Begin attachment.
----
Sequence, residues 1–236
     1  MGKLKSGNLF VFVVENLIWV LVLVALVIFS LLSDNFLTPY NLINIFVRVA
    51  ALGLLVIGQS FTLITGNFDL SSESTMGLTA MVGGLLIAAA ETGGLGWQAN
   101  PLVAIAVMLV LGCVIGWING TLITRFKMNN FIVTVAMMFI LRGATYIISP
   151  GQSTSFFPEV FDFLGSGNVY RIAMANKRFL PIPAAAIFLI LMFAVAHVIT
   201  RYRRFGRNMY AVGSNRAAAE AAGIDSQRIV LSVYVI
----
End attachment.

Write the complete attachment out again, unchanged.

Sequence, residues 1–236
     1  MGKLKSGNLF VFVVENLIWV LVLVALVIFS LLSDNFLTPY NLINIFVRVA
    51  ALGLLVIGQS FTLITGNFDL SSESTMGLTA MVGGLLIAAA ETGGLGWQAN
   101  PLVAIAVMLV LGCVIGWING TLITRFKMNN FIVTVAMMFI LRGATYIISP
   151  GQSTSFFPEV FDFLGSGNVY RIAMANKRFL PIPAAAIFLI LMFAVAHVIT
   201  RYRRFGRNMY AVGSNRAAAE AAGIDSQRIV LSVYVI